Figure 1.5 Disclosed biofilm on the buccal surface of the lower left second premolar tooth has partially been removed exposing the white spot lesion beneath. The biofilm on the mesial surface of the first molar tooth completely obscures the detection of the white spot lesion beneath.
Figure 1.6 When light illuminates sound enamel (A) it undergoes transmission, refraction and reflection, porosities created during the carious process are normally filled with water (B) with a refractive index close to that of enamel. As a consequence, there is little light scattering. When the lesion is dried and air fills the porosities (C) the difference in refractive index with enamel is greater and greater light scattering occurs, making the white spot lesion easier to detect.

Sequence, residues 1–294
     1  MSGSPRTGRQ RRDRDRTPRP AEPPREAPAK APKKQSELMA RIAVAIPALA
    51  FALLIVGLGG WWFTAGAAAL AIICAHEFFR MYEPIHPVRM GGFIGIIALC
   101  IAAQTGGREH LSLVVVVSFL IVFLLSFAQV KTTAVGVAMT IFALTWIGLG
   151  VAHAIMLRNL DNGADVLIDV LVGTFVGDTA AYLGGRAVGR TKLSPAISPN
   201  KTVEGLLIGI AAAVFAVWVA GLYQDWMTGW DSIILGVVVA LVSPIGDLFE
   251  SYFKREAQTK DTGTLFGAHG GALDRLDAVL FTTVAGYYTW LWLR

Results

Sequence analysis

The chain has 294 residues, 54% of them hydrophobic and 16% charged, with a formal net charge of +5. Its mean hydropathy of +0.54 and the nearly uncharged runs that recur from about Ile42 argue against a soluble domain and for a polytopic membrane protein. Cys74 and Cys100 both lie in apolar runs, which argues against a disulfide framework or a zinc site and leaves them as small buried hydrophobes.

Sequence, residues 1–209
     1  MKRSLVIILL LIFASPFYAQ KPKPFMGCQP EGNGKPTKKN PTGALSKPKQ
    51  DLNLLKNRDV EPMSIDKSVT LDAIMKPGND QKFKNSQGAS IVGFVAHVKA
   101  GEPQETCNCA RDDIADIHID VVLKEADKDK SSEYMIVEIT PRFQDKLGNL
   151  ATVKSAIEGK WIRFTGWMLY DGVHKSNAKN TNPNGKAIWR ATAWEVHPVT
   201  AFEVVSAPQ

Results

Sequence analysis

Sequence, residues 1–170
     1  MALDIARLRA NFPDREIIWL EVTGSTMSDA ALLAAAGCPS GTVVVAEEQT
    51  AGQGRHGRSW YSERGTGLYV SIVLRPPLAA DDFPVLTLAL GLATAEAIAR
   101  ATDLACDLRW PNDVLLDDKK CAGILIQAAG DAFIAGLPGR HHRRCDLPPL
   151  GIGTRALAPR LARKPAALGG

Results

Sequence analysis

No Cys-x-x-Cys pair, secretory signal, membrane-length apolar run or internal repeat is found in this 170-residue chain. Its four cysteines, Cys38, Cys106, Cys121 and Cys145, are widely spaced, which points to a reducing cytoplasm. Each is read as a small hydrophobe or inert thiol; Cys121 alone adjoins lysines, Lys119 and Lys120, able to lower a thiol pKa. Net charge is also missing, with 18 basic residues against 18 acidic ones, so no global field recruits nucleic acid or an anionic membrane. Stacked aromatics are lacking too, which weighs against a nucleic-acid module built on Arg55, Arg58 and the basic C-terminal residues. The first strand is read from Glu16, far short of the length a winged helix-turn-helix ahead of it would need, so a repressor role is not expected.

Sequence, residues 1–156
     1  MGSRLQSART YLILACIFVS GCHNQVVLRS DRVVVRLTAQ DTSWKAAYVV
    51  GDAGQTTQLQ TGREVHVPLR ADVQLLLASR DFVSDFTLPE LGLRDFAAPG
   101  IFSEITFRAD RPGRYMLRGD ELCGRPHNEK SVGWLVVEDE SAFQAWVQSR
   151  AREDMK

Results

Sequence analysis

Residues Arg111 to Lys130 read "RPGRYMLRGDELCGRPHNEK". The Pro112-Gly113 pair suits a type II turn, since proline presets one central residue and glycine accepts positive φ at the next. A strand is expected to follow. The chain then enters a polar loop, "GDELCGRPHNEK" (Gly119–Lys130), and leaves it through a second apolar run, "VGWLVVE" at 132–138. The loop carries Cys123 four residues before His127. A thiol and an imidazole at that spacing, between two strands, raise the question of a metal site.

|ICDAS Criteria||Collapsed Criteria for Clinical Use||Corresponding Histology|
|0 No or slight change in enamel translucency after prolonged air drying (>5 s).||0 No or slight change in enamel translucency after prolonged air drying (>5 s).||0 No enamel demineralization or a narrow surface zone of opacity (edge phenomenon).|
|1 Opacity or discoloration hardly visible on a wet surface, but distinctly visible after air drying.||1 Opacity or discoloration hardly visible on a wet surface, but distinctly visible after air drying.||1 Enamel demineralization limited to the outer 50% of the enamel layer.|
|2 Opacity or discoloration distinctly visible without air drying.||2 Opacity or discoloration distinctly visible without air drying.||2 Demineralization involving between 50% of the enamel and the outer third of dentine.|
|3 Localized enamel breakdown in opaque or discoloured enamel.|
|4 Greyish discoloration from the underlying dentine.||3 Localized enamel breakdown in opaque or discoloured enamel and/or greyish discoloration from the underlying dentine.||3 Deminer/>|